"The Job" filled the same Friday night time slot of legal dramedy "Made in Jersey", which also was cancelled after only two episodes. Viewers had a hard time embracing its premise : a Manhattan attorney overcomes an almost insurmountable handicap : being born in the state of New Jersey!
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"The Amazing Race" usually strains mightily to present a Noah's Arc-like roster of "two of everything" to appeal to every demographic. TAR's 22nd season recently kicked off with the requisite multi-culti cast, which includes a team of two Roller Derby Moms to represent that limited niche, yet no Latinos.
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While it's not uncommon for a successful network show to inspire imitators, it's exceedingly rare for a bomb to do so.
Such is the case for Fox's "Stars in Danger: the High Dive", a one-hour "experiment" in which C-list celebs tried their hand at Olympic-style diving. SID belly-flopped in the ratings, attracting an unimpressive 3.4 million viewers when it aired in January.
Yet that's not stopping ABC from mounting its own diving show "Splash" (what's the deal with all the one-word titles all of a sudden?).
The "Splash" roster includes Nicole Eggert, Kendra Wilkinson, Chuy from "Chelsea Lately" and comedian Louie Anderson. The late addition of Miss Alabama Katherine Webb means that the show can count on Brent Mussberger watching.
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Most people weren't even aware that Rex Reed was still reviewing movies when the Melissa McCarthy flap hit the fan.
I had thought Reed had retired some time after serving as a judge on "The Gong Show" in the Seventies.
While Reed is free to dislike "Identity Thief" -- as a majority of critics did -- his description of McCarthy as a "cacophonous, tractor sized...female hippo" is a personal attack that has no place in a film critique.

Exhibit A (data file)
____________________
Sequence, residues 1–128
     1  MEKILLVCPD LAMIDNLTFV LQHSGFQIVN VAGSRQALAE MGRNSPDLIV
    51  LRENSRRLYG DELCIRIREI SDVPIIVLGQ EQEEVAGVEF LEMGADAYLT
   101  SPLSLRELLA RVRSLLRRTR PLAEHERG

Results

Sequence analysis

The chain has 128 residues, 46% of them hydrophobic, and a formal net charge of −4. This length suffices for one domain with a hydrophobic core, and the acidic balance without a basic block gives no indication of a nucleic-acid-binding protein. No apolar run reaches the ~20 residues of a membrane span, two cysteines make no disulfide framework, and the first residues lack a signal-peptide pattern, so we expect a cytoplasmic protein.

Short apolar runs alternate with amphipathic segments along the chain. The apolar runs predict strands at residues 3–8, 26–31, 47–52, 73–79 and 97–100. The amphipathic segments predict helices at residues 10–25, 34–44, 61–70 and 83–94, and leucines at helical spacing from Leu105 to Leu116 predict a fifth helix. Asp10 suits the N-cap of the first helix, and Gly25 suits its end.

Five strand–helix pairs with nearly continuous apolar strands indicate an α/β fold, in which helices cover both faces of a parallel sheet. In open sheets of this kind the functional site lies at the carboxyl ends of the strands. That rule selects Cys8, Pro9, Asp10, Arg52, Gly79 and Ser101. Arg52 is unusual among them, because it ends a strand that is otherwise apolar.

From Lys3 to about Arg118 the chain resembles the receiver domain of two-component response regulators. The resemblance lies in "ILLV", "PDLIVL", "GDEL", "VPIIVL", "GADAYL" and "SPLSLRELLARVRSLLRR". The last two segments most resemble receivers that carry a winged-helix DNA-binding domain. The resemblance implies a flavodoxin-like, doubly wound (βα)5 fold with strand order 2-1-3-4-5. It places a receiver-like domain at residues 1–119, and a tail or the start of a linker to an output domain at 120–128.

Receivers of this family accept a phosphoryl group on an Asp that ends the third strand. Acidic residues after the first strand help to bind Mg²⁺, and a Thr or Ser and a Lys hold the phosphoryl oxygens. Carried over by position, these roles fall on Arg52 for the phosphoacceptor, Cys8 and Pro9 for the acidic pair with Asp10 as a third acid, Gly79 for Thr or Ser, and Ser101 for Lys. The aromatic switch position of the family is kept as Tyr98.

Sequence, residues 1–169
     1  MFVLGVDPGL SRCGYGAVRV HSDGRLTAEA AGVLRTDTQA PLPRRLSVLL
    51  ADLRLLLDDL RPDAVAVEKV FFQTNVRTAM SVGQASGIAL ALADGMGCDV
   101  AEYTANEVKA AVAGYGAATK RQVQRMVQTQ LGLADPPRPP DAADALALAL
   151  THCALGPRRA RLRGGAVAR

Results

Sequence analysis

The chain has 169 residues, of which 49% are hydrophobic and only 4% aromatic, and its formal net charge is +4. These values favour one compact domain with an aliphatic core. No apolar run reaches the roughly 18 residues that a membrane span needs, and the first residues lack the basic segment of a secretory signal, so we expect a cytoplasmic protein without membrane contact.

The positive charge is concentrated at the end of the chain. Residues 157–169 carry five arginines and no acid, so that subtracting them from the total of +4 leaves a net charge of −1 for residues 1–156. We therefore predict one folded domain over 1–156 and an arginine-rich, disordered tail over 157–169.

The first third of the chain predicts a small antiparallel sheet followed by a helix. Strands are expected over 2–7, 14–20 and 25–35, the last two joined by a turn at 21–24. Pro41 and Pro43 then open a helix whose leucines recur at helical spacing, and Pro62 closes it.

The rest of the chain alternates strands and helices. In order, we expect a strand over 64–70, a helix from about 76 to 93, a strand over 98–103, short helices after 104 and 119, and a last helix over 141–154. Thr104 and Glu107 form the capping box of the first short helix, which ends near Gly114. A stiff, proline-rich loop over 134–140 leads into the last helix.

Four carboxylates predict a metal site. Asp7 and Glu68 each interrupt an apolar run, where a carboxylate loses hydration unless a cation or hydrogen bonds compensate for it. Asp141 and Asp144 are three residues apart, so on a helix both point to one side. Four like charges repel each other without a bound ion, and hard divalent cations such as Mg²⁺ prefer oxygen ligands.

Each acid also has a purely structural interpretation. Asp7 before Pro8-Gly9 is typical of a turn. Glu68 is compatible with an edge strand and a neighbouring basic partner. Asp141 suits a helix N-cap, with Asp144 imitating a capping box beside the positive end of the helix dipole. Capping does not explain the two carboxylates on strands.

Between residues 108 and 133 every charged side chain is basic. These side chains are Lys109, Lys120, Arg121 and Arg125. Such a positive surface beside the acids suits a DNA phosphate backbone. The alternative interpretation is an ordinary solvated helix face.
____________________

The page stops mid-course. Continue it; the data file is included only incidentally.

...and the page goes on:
But there's something also wrong about the producers of "Identity Thief" assuming the moral high ground.  With its many scenes of Jason Bateman duking it out with McCarthy --heck, even slamming her with a guitar --the film seems to be saying that it's OK for men to get into physical altercations with women as long as the women are plus-sized.
It's hard to imagine the exact same inter-gender battle royales taking place with, say, Tina Fey or Amy Poehler in the McCarthy role.
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While Fox's "New Girl" gets decent ratings, I don't know anyone who would call it laugh-out funny. Compared to "Seinfeld", it's a drama.
I've never quite understood the premise of the show: Jess breaks up with her boyfriend so she feels compelled to live with three male strangers... Huh?
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re: the studio audience members of ABC's "The Chew"
These fine folks obviously have a lot of free time on their hands to sit in a studio for an hour to watch other people cook. Do you suppose these are people who wanted to see a television taping while visiting New York and couldn't get tickets for Letterman, Fallon or "The View" ?